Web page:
The Oregon Daily Journal from Portland, Oregon on June 6, 1920 · Page 47
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The Oregon Daily Journal from Portland, Oregon · Page 47

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Portland, Oregon
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Sunday, June 6, 1920
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Page 47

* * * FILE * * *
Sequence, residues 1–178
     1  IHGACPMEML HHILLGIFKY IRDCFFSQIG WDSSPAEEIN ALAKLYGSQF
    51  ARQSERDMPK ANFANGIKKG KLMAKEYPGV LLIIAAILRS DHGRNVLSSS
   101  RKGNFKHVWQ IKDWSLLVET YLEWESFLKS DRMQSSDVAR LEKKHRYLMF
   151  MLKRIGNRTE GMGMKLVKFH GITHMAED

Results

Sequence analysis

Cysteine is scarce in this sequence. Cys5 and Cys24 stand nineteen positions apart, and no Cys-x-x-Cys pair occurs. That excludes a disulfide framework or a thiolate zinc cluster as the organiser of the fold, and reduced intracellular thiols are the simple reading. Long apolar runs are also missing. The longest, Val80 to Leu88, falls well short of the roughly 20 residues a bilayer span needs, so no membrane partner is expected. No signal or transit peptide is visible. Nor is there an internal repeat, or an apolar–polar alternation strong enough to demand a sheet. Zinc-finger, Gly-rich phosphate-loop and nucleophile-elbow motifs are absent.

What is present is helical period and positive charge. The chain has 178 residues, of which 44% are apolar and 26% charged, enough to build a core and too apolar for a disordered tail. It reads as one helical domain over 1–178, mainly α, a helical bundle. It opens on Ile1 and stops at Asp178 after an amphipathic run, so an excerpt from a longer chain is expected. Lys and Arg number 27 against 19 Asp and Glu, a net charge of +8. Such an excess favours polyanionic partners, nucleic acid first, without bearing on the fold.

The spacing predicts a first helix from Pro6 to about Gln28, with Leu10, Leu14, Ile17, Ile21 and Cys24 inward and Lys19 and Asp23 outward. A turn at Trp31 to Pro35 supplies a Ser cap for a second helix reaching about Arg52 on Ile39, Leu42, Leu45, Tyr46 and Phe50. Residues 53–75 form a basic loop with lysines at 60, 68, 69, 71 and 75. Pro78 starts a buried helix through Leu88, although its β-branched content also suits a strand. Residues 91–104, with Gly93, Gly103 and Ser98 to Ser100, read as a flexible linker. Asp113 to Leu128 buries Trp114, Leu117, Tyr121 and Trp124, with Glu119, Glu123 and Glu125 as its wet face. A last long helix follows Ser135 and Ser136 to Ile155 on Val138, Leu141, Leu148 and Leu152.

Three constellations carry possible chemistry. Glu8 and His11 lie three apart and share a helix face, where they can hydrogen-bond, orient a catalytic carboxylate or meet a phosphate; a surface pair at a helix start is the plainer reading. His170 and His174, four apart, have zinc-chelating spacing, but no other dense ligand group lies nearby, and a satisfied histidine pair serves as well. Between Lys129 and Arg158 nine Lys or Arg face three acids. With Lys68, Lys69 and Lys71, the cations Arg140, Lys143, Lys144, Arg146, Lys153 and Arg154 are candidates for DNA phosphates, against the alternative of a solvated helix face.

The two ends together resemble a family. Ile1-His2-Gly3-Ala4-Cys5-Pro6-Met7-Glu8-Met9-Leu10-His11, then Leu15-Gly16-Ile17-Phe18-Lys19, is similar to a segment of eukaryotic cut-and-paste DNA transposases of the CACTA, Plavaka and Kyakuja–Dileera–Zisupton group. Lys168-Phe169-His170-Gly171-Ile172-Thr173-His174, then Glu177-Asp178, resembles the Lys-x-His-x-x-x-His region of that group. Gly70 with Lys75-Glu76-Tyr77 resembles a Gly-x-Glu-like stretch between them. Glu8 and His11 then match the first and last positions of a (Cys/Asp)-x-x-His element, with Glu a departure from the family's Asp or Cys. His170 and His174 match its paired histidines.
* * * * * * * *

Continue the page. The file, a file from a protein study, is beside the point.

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THE OREGON SUNDAY JOURNAL. PORTLAND, SUNDAY MORNING, JUNE 6, 1820, juoew-iveiiii v ar Means Much WITH at least three of the nation's biggest vaudeville producer seek-. Inff locations la Portland for new show houses and the early culmination of construction plans heralded by each of them, news of the Impending . nationwide clash between the Keith Orpheum) vaudeville interests and the Shubert-Marcus lioew affiliation, echoes in Portland as a good omen. : r - : Word from New York ' has it that, with the blocking of its Broadway plans for the establishment of a popular priced vaudeville and picture house as a consequence of the purchase by the Ooldwyn - Shubert-DuPont-Loew Interests of the great Capitol ; theatre, the Keith forces have gone to Wall street, with battle in their eyes, preparatory to a bitter war between rival theatrical corporations. 'The Keith interests. It , Is said, have already organized all the blg" and "small" time vaudeville 1 circuits whose territories are being 'Invaded by Low, owner with Ackerman & Harris of the Portland Hippodrome.: ' Y . The trouble seems to be that the Keith Interests have put too little emphasis upon motion pictures in connection with their vaudeville and - because Loew has taken advantage of the pictures he and his associates are bounding forward. ' Thus the purchase of the Capitol theatre, largest. in the world, by Gold' wyn, has put action into the Keith interests and in -spits of the , statement from' Loew that the Wall street Interests backing him are not Interested in Oold wyn, it is known generally that Shubert, Inc.,. is one of the largest stockholders In Loew, Inc. So, after all, the forces are amalgamated. . , Another significant fact ts that the Shuberts and Ixew have allied them' selves for;the purpose of combating the Keith interests next season with. plans to build a stronar vaudeville circuit z, tending from coast to coast and from janaaa to tne Mexican border. And Portland sits back whlls the heat of battle rises, Keith ' will attempt to put the hook around Loew's neck by building in Portland a new house, either for present grade Orpheum vaudeville or for lower priced entertainment. Lotv Will counter by the construction of a new and larger .Hippodrome, either to house present entertainment or a higher Class offer in?. It is definitely known that both Orpheum and Hippodrome officials are scouting for the. proper spots on isroaaway tor their proposed new nouses. : , In the meantltme our old friend. Alexander, Pantages, is nursing a sincere desire to keep in the swim and while he is rapidly extending his circuit In the nation he Is, not going to let Keith or i-oew put anything over on him in fields ne aireaay occupies, Pantacres has notion that Portland will hold another Pantages theatre and early announce ment or ms selection of a sits and building plans Is expected. Broadway will not be surnriaed ahouid the Orpheum start work on a new struc ture jate in the summer or in early fall and Loew Is expected on the scene of activities about the same time. - Lifeograph Workers Are Entertained at Home of McMonies Air. ami Mrs. W. . H. McMonies last week entertained the members of the American Wfeograph for a week-end party at their -ustic summer : home on the Willamette' river above Oregon City. The outing--was a combination of rec reation ana art ana a number of beautiful scenes were taken by the motion picture camera at the various vantage points along the river front. Luncheon and dinner were served on long picnlo tables. . The guests entertained themselves by roaming over 400 acres of forest and by having canoe races on the river. Thone in the party were Mr and Mrs. W. E. Keefe and daughter, Leanore, Walter McMonies, Lewis Moomaw. Mr. and Mrs. Hal, Mohr. Bob Gray, Henry Knollmiller, Irene Simpson, Clare Morris, Eve Sturtevant. Helen Xdbby and Mr. ana airs. Waserman. Motion -Picture Game Is Immense Game In a Financial Sense Tou have heard of the great. Juicy chunks of heart -the motion picture stars take out of the financial melon of the industry, but it remains for the Clermont corporation to reveal" vital statistics on the business of producing pictures as a whole. The following information is assembled at Los Angeles and concerns that, film -capital : Number of studios, 52. . People employed, 22,000. - Output, $150,000,000 annually. Seventy-five per cent of the pictures made in the United States are produced In Los Angeles and suburbs. Studio capacity, one to 40 companies. Payroll, estimated on a basis of an average wage of 940 per week, for 20.-000 people, 62 weeks, 141,600,000. It will probably run much higher. It is estimated that the people of the United States alone will spend during the next 12 months more than f 1.095,-000.000 to see motion pictures. This is the juiciest melon in the world. Number of blonds no statistics, but are growing fewer. ' , v Amount spent for rouge, lipsticks, powder, mascaro, tea leaves, etc-, not estimated... ; J Kate Terry Sees Wide Difference in. Stage Wage Now andin Past London, June 6. I.! N. S.) Miss Kate Terry, sister of Kllen .Terry, and' the first of the famous theatrical family to appear on the stage, makes much of a compariftdh between salaries paid to "stars" in her early days and the pres ent iisure. : , . , "1 appeared In Manchester about 60 years ago. In my company were Charles Wyndham and Nellie Farren. They certainly did not receive more than $35 per week each, and I remember the famous comedienne, Mrs.' Keeley, telling me that at the height of her career she never grot more than (80 a week." Miss Terry's daughter. ..Miss Mabel Terry-Lewis, is playing at the Ambassadors theatre and her neice, Miss Phyllis Nellson-Terryy is also carrying on the family traditions In stagecraft. "1 gave up acting to be married about 0 years ago," continued the old lady. "It seemed, best at that time that I should give up the stage, but many a time since that day I have , wished that K might be possible f orne to know pnoce mors the joy of acting." v Locally HEN W. H. McMonies, assembled the staff and provided plentifully for ate, it is said. i it'' " - 1 1 y w :jmr- ... . S vow I Hi Oregon Folk Are Screen Stars K n ' n ' st at N. k it : it te st Portland, Training Is Valuable TORTLAND 5 has contributed to the XT motion picture world some j of its stellar performers and to the list the state at large has added a number of celebrities, not to mention a very capable group of directors, camera men' and other attaches of the industry. While the city and state have been the birthplace of many present day film stars, Portland has t also - been - the training ground upon which others prepared for their advent into the film world. - The film stars Include- such persons as Jewel Carman, Herbert Heyes, arle Williams and Julle Power. By no means attempting to include all the native sons and daughters or locally trained stars, here are a few of the folk who have attained success In the pictures.' There ars others, some of them as deserving of fanfe as these, but they are scattered far and wide and even the newest directories of, the Industry do not reveal their names: Art Acord, i bronco buster and wild west character on the screen. Is largely an 'Oregon trained man. He rode to success in the Pendleton and Klamath LFalls roundups. Acord. is-now doing i western serial ror universal after star' ring before the camera in such things as the film versions of the late Charles K. Van Loan's stories. Frank D. Alexander, a native . of Olympla, Wash., educated in Oregon schools, spent his boyhood and youth here before he started his cinema career. He is at the .Vitagraph studios at Los Angeles, where he has played in such comedy successes as "Pluck an&. Plotters" and "Humbugs and Husbands." Ronald . Bradbury, although born at Walla Walla, Wash.,: came across the line to attend school and grow up with the state. He later played stock with the Baker company in Portland and toured Orpheum and: Pantages vaudeville circuits. ; He has been pictured by Universal, Lasky, Kalem and others and Is now at the Vitagraph studios at Hollywood. " i " ' " Albert R. Cody was born In Portland and- as a boy attended Bishop Scott Military academy. He entered grand opera and sang abroad for some time. His screen career has been with such stars as J. Warren Kerrigan. Frank Keenan, Bessie Baylscale and others. He Is now playing in the Jack Dempsey serial. Clyde Fillmore, former student at the University of Oregon, entered upon a stage career under Cohan A Harris in "It Pays to Advertise" and other pro ductions. He is at present working under the Universal banner at Universal City. Cal.. where he lias had parts in such films , as "Sundown Trail" - and "When Fate ; Decides." - Jack Gilbert, who played Baker stock In Portland and is remembered by many here. Is at Culver City. Cal.. otudios. He played with Mary Pickford in "Heart of the Hills" and' had part In other big things. ) George Hackathorn. a specialist In Juvenile leads, was born at Pendleton. Or., and when he had reached the proper age went Into the Lois Weber studios. He played In the filming of Harold Bell Wright's stories and. under Universal. "Heart of Humanity." ' Herbert Heyes, born in Washington, did his preparatory school work at Hill Military academy and for 12 years played In stock companies, eventually as leading man and stage director. He has played film leads with such screen heroines as Theda Bara. Constance Tal-madge and Ethel Clayton. - Lew Harvey got his schooling in Portland before he entered the army of motion picture players. . He had enjoyed three years of preparation on the legitimate stage. : Harvey is now with the Texas Gunlnan company in such pictures as "The Lady of the Law." Charles E. Mason started the career that has taken him to the pictures by playing parts In stock In Portland. He has lately been associated with ' Lew Cody and that thin person's company at Hollywood, following ft career with Metro and Astor. Earle Williams, ' debonair hero of the screen, notable for his star roles opposite Anita Stewart, played stock in Portland with the Frederick Belasco company In his younger days. .His screen career, although a notable one, has been almost entirely with Vitagraph. . Clair Alexander, educated In Portland public schools. Is wira- Triangle. Shs formerly played In comedy roles for Famous Players, Fine Arts and other films. - Corinne Barker, well known to Portland playgoers, is a Portland girl. She attended school at Sacred Heart acad emy, Salem, and went on the stage with such notables as Julian Eltlnge, in "The Crinoline Girl." and played also In "Potash & Perlmutter." ' Her screen days have been spent with Selsnick. Ooldwyn, Vitagraph and others. She is just now with International at the New York studios. Dorothy Bernard, daughter of "Blllie" Bernard, who was known to all Portland some years ago, used to play "kid" parts with the Baker Stock company. On Jhs screen she has worked for. Fox, Kalem, ntent production, "The World Shadow " d 1 1 M - jm - . . . . . lumn, traay ana tne Canadian govern She Is considered one of the real beau tlful girls in- movieland. , Jewel Carmen, who might well head the list of Portland's contributions to the screen, is a, Portland girt. Sha was educated at St. Marys academy. Her screen history associates her with Doug Fairbanks and others. Her present Job Is playing big roles for Fox at bis New York studios. s-;"-.3..$., .v. .., ; f .-j - . Y' '-" tiiY Y' :i Cecil Kern, born In 7vrtlanA schooled here, played opposite Douglas president of tire American Lifeograph company of Portland, cast of the company at his Willamette river summei' home, he the appetites of a bunch of mighty pretty girls. The men also ' r ;j i itei i '"ill ir "ii- -i Fairbanks in his original production of The Man of the Hour." She ' also played stock company leads for avme time and was opposite Willlani Elliott In the stage version of "Ben Hur." She played before the camera in Edison and Vitagraph companies and Is under the McManus banner now in New York. Rhea Mitchell,' born in Portland, played the Orpheum circuit : as her introduction to San Francisco stock, from which she jumped to the pictures. She was In Bill Hart's "The Money Corral" and in Burston's "The Hawk's Trail." Miss Mitchell is In Los Angeles. : ' Loyola O'Conner, educated at the convent of the Holy Name In Portland, appeared In the stage offerings of Fredrick Warde and Frank Mayo for three years, during which she was cast In "Rebecca of Sunnybrook Farm." She has been In many pictures, one of which was Cecil B. DeMiUe's "Why Change Your Wife?" which was recently in Portland. ' - - Jane Novak, a film star, is In no sense a Portland girl, i although she is well known here for the production of "The Golden Trail" by the American Llfeo-rapli company, in which she played the lead. After leaving Portland Miss Novak joined Marshall Neilan's company, producing "The River's End," a James Oliver Curwood story of the Northwest. Julie Power, born In Portland and schooled at St. Mary's academy, is also well known here as Mrs. Edwards Davis, wifi of a prominent player. Julie Power played Baker leads and went to Broadway opposite the famous Wilton Lakaye. She also played with Grace George productions on the legitimate stag. She Jumped to vaudeville, where she appeared with her husband. Her screen specialties are vampire-' roles in such films as Fox's "Her Mother's Secret." Marjorle Ram beau, really a notable film player, owes a 'great deal to the training she received in stock in Portland., She played her way to popularity here In Baker stock some time before she stepped Into fame .on the screen. This interesting woman, however, doesn't credit much of her success to her Port' land career. She is in New York, play lng in such films as "The Fortune Teller" for' CapelianL . . Lassie Young, born In Portland, nn doubtedly, of course, under another name. Is playing Ingenue leads in B. B. Hampton productions at Los Angeles. Lassie loft Portland to' attend school .at Los Angeles before she Joined . the pictured army. Portland has produced a popular child player, too. In tne person of little Ber- nice Smith, born here In 1911 and once featured at the local Hippodrome. At the age of 4 she made her screen debut with Universal and has played with Mur-dock McQuarrle and with Helen Holmes in that actress' railroad thrillers. , The little miss is now back among us with the Cloverio Comedy company. Among directors of motion pictures to shorn Portland lays claim is Melville W. Brown, a native of Portland and forme.- member of the Bake? ' Stock com pany. Brown bas produced scenario for some oi tne niggest in tne ousmess ana now directs Montgomery . and Rock for Vitagraph at Hollywood. Another director of note and wen known here is .Raymond 'Wells, once popular with ' Baker : theatre audiences. After an Interesting screen career Wells organized and now heads and directs the Historical Film s corporation, depicting Bible stories. Julian Joseph son, born at Roseburg and educated at Stanford, , is a bright light as a scenario editor and writer. He is with the Thomas II. Ince tudios at Culver . City, CaL, where he has handled such successes as Charles Ray's "Hay-Foot, Straw-Foot," " "The Egg Crate Wallop" and. "Cooked Straight." ' ' Oregon has contributed - several clne-matographers to the upbuilding of the industry. Prominent among them is Len Powers, a Portland youth, who has turned the camera crank for Reliance, Fox, ' Mack Sennett, Hank Mann and others, and is now filming Sunshine comedies. . . . ; : New York Critics Say Drama Isn't Even 111 Af ter Keviewing List Y'YY,' Y ;:" : - j; ,15 Is the drama dead or even dying? New York show reviewers, whose appraisals are summed up In the following from the New York Telegraph, say not : "Possibly never before in the history of amusements in New York . city has there -been offered a more brilliant; or spectacular allotment of plays than are now -being presented at the leading theatres. . "Among the best of them are: ' . " 'An Innocent Idea. Fulton ; Ed Wynn carnival, New Amsterdam ; Xightnia', Gaiety The Night Boat,' Liberty ; .'Beyond the Horizon, Little; .'His Chinese Wife, Belmont; "The Son-Daughter. Belasco ; "Gold Diggers,' Lyceum ; 'Shavings, Knickerbocker ; Honey GirL Co 1" Harris 'Clarence,' Hudson ; '.The 1 HOttMltot flunrga Vf fVhan Tn..A Hottentot. George M. Cohan ; Irene." Vanderbilt ; 'Smilin' Through,' Broad-hurst ; "Buddies,' Selwyn. and Lassle,' which Is one of the best musical comedies of the day." . Y Jack London Story Ready ? Jack London's story. The Mutiny of the Elsinore," a C. E. Shurtleff, Inc., production, is being prepared for release at Metro's west coast studios. Its screen title will be 'The Mutiny." Mitchell Lewis is to play the leading role. - 11 1; - ;ir-' i .7 '" z J--f -f- " Admission SP.M NighU 35c Including ' f" -sjj in . 1 1 ; , , , y , . . , ( ' . , 7 , his super-special is " ; without a xloubt, the iilTi mostgorgebusly. gowned ? r . Jjji I and complete picture &T A yJ ever presented to the k yf s . ' Portland public A " picture that beggars f n ' ' ii ' ; description- , . 'j ; 1 1 liP) "Every woman" is tlie ru 1 ) ?T ScT7 "very last word" iii ""'mn PCtrC ' Can-Can Queen Is Dead at Age of 86 i (By Uslvaaat Ssrriea) . - TARI3, - June 6. At . the respectable X age of 86 the original queen of the "can-can dance" Is dead in Paris & white-haired lady Y venerated Yby her neighbors, who never suspected -that at one time she had been the most discussed daneeuse in Europe. It was at the Casino Cadet In Paris In the days of the Second Empire that Madame Badel then : a young girl of II who. had run away from her home in Nancy, originated the famous, can-can, which was denounced "by the court of France- as an attempt to ' corrupt the morals of the nation. -.-y-;.-! Under the slang name "Rlgelboche" (mirthful) she defied magistrate after magistrate to stop her and danced her way finally Into the most outstanding popularity enjoyed before or since by a dancer in Europe. Irt those days a woman dancer was a unique, spectacle on a stage . and all France flocked to see her. It is related that the second Napoleon was given : a sound rating by the Empress Eugenia for attending a? performance - wherein THE CAST: . Everywoman ....... Violet Hemintr I Youth. ..... ... . . . . .Clara Horton - Beauty. . . . . . . . . . .Wanda Hawlev Modesty. ... I . . ..Margaret Loomis Conscience ..... Mildred Reardoi . Truth. . . . ... . . .Edyth Chapman Vice. . .... ... . . .. .. Bebe Daniels Wealth. . , . . ... .Theodore Roberts Love ................. Monte Blue Passion. . . . Irving , Cummin gs Nobody. . '. ..James Neill Flattery. . y... .Raymond Hatton Lord Witless. . ...Lucien Littlefield , V Bluff ..... Noah Beery Stuff. .... . ... ... ... .Jay Dwiggins Puff . . . ...... .Tully Marshall Age. . .Robert Brower Time . .Charles Ogle' Dissipation ; . ..... . . Fred Huntley Auctioneer ....... Clarence Geldart " Y , -v . t. . , - : J .v.- iW . . ' . ---i.tf up to 2Sc and 50c war tars "Rlgelboche" danced, the empress uttering the phrase which has since become famous: "You are king to other people, but to me you are only a husband." Her celebrity ' carried the famous dancer, who was dressed always as a vlvajidlere in "Lea Huguenots." to the legitimate stage, where she scored "the triumph of the nineteenth ' century In "Felichons et Felichonettea," to which, the princes of .Germany, Russia, Spain, England and Italy came, the royal boxes being crowded nightly. Her married life was . unhappy. Once she said that no dancer ought to marry because high-kicking and a husband did not agree with the digestion. Y She was early separated from the man she had wedded in a spurt of youthful romance. - - ' Of her dancing Ludevic Malevy said : "It was the most daring and fanciful In the world." - . - . She retired late In the last century and with he,r savings opened aN boarding-house in Monte Carlo, to which men who had known her In the prime of. her success came to eat. Y; '..Y When she- died no fewer than 40 knights of the Legion pt Honor, who remembered the dazzling beauty who had been, followed her coffin to the cemetery. - . i i ii . i iii . i i i : Beat Baby With Strap London, June 8. (L N. S.) For beating, hfs 15-months-oId baby with a strap because it cried when he had neuralgia and annoyed him. William Oekey has been fined 125. COLUMBIA ORCHESTRA -v : v ' 1 .. . ; " - ' :- Director Khoyvles has prepared a special score for this super-production that' y.ott; will remember always. . It's . a new mark ; ' in picture music. ORCHESTOA ; MATINEE AT 230 P. M ICE - COOLED Oberammergau May Be Established by Philadelphia Woman Philadelphia, Pa June U; P.) A new world Oberammrtau may shortly be established In hls country. Mrs. W. York .Stevenson,.; local woman, purchased a canyon recently near Hollywood, Cal., and .propose to use it as a setting for the religious pilgrimage play. yx v - Mrs. Stevenson has worked assiduously for more than six months, on the dram alio work of the life of Christ. Unlike the original Oberammereau, the play presents the whole life of Christ and the words of the Saviour are tfiven literally from, the c Scriptures, without alteration' or Interpretation.. : The play Is divided into, two parts, with three prophetic scenes preceding the first act ; the prophecy of his coming, Herod's fear and proclamation, and the nativity. .- ; ' The first act shows the : baptism, transfiguration and the episodes of Las-arua and Mary Magdalene. The second act shows Christ's entrance into Jerusalem, the last supper, Gethseraane. and his trial. - There is also an epilogue of the death and . resurrection, and the . appearance and ascension. NO W PLAYING WUm Purse With S5000 Found in Snowbank Junction City, Kan.. June 6. (L N. B.h Spying a leather purse sticking up out of a snow bank here recently, William Myers picked It up. With a view to finding a clue to the owner, Myers opened the wallet and received a rude Jolt It contained over $5000 Jn treasury certificates and Liberty; bonds. Through the 'ad" columns of a local newspaper Myers located .the owner-Mrs.- Daisy Webktng. He received $100 as a reward. Practical Religion Held Unrest Cure Columbus, Ohio, June 5. (L N. S.) "Democratization of industry. Increased production, thrift, . a league of nations to take the military burden off . m working people and a religion that will be practical are the cure for the exittlng widespread Industrial unrest,"' declared the Rev. Ifvlng Maurer, pastor of the First Congregational church here. "We have overlooked the worker's desire for self-reallcatlon In our craze for efficiency," Dr. Maurer said. Jk - - 1 r 1